4/13/2023 - Politics and Society

Climate change: An opportunity to rethink the multilateral system

By Juliana Cortez Danese

Climate change: An opportunity to rethink the multilateral system

The last decades have witnessed the profound and noticeable change to a global awareness of the reach of socio-environmental challenges. This is accentuated by the fact that we are in an international system that is reconfigured under numerous centers of power, where they begin to emerge a multitude of state and non-state actors to realize this. But why should environmental issues become an axis for international relations?Scientific evidence indicates that climate change and its consequences represent serious threats to the environment and communities. Can be seen, even as a threat to international security in various forms, as it affects collective integrity. “When climate change dries the rivers, reduces crops, destroys critical infrastructure and shifts communities, exacerbates the risks of instability and conflict,” UN Secretary General Antonio Guterres said during a meeting called by the United Kingdom Prime Minister Boris Johnson to discuss the relationship between climate and world insecurity.Capitalism historically redefined social relations and exchanges with the environment, through the appropriation and exploitation of natural resources for the satisfaction of the needs of the growing communities. Interdependence, in a world where climate variables could tackle these challenges, makes working collaboratively the only alternative.The geopolitical analysis with the factor of climate change shows the national interests and strategies that determine the actions of the States. Sebastián Vigliero, Professor and International Relations Specialist says: " From a declamative point of view there is a certain consensus and cooperation to sign pacts such as that of Paris, but in the long term they always end up being a power proposal for the development of one country over another.” In this line, the “Reloj of the Final Judgment (Doomsday clock)" - a metaphor that warns that we are so close to a global catastrophe - of Bulletin of Atomic Scientists, warned the weakening of the institutions and, therefore, of multilateralism, where we find ourselves.International agreements such as that of Paris - established to limit the temperature of the planet below 2°, with efforts to 1.5° -, where the states of the world undertake to work collaboratively and voluntarily in environmental matters, end up impacting their own sovereignty. By quoting a case, the neglect of deforestation policies and fires in Brazil caused actors like France - with whom it has a common cooperation border such as French Guiana - start a diplomatic conflict to reorient the path of action of the Brazilian leader, as these would not advance in No trade agreement between the European Union and Mercosur has not yet complied with the environmental conditions laid down in the Treaty of Paris.Although the international climate treaties are not perfect, they initiate a policy-making process. It obliges the international community to undertake multilateral alliances and dialogues that tend to mark or establish new action axes to address global challenges, which implies the generation of dialogue spaces between new partners: Public, private, academic and civil society.Therefore, we must think of a new international order that will allow us to overcome the centrality of states as the only actors of power, to begin to conceive a new multicenter complex that emerges from international relations. A policy that represents the sum of the efforts of all the actors involved.Climate issues require the application of public policy strategies, internal plural and participative governance processes, which ensure local and global voices. In a globalized world of interdependence with climate, biodiversity and people, the construction of consensus and multilateral international negotiation are the only alternative that can help ensure the protection of the planet and communities.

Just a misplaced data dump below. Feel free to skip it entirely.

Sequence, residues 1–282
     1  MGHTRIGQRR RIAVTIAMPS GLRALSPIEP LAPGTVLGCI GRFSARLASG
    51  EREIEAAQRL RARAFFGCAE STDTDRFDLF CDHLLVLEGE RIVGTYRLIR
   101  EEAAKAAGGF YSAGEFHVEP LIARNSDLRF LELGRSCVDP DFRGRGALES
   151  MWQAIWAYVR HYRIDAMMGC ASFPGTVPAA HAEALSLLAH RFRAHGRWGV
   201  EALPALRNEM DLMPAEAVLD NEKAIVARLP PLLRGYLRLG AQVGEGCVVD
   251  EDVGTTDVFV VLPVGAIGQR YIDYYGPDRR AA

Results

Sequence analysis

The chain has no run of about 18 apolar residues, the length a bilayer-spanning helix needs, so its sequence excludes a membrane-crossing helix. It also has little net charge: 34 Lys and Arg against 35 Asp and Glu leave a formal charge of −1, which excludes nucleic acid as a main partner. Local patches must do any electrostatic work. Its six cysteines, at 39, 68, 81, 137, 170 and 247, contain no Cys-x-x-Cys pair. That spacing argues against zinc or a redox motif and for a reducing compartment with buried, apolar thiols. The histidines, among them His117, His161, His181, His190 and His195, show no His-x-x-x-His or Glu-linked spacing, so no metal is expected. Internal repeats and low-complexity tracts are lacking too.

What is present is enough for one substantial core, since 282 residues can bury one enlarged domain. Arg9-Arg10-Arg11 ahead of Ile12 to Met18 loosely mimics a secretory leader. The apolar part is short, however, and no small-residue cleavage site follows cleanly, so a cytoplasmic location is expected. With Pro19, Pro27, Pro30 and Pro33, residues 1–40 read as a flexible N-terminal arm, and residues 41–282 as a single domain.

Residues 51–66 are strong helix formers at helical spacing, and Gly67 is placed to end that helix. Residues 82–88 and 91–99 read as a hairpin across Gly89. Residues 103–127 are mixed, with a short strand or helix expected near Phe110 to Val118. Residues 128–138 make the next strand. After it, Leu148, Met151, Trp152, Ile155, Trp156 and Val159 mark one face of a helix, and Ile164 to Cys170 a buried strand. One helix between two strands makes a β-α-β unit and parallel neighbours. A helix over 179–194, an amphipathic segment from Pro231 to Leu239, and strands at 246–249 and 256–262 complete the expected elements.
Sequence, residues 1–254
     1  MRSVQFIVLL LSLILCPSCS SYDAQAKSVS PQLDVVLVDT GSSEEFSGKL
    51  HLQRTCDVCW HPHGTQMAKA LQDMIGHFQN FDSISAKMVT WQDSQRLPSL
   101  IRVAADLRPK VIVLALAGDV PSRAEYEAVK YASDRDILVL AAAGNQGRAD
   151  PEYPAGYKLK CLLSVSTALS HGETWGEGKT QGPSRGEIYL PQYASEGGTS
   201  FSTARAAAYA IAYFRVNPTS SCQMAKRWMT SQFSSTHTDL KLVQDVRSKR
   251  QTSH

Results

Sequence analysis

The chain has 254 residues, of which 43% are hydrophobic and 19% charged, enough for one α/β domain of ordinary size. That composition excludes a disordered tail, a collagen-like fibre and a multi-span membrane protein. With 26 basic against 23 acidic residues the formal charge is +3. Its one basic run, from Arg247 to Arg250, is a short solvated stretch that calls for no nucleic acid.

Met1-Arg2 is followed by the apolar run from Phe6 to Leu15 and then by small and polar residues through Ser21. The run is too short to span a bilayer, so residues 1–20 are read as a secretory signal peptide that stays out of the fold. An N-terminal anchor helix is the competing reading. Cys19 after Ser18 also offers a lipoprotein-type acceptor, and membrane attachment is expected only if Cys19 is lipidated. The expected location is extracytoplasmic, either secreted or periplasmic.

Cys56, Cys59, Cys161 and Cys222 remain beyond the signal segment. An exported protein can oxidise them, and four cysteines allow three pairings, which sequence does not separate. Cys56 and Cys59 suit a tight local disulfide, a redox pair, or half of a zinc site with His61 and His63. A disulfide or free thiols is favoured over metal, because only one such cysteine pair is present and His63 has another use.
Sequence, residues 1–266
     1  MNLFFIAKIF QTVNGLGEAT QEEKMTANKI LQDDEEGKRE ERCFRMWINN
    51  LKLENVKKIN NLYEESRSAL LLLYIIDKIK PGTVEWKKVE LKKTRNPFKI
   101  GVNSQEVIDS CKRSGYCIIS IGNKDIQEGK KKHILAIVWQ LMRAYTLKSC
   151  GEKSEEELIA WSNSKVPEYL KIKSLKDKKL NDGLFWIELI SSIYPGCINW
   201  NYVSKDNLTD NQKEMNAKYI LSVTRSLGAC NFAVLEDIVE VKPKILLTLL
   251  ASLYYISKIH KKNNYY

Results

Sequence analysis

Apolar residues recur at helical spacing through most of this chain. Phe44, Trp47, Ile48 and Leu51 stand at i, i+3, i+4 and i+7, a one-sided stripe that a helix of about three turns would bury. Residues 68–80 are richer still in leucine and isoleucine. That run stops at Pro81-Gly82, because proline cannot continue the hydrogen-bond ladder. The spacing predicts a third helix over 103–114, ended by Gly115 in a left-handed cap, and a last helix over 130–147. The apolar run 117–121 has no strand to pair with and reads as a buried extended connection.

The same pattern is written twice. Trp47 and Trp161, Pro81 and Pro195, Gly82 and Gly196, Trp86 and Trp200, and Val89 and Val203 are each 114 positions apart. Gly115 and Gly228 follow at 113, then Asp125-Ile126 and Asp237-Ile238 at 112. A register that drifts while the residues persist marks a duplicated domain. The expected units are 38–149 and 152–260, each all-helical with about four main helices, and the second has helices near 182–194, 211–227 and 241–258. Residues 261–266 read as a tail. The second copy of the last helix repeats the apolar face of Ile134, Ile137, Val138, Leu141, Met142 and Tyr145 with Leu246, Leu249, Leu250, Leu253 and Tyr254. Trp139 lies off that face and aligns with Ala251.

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juliana cortez danese

Juliana Cortez Danese

Bachelor of Public and Institutional Relations, Specialized in Sustainability and Institutional Affairs, a result of various studies at the Business School of the Universidad Argentina de la Empresa (UADE), the University of Buenos Aires (UBA) and the Universidad Tecnológica Nacional (UTN), among others.
He is currently studying a Diploma in Public-Private Environmental Consulting and Management with international accreditation at Greentech, where he was awarded the ECEMA School of Management, a member of the College of Paris.

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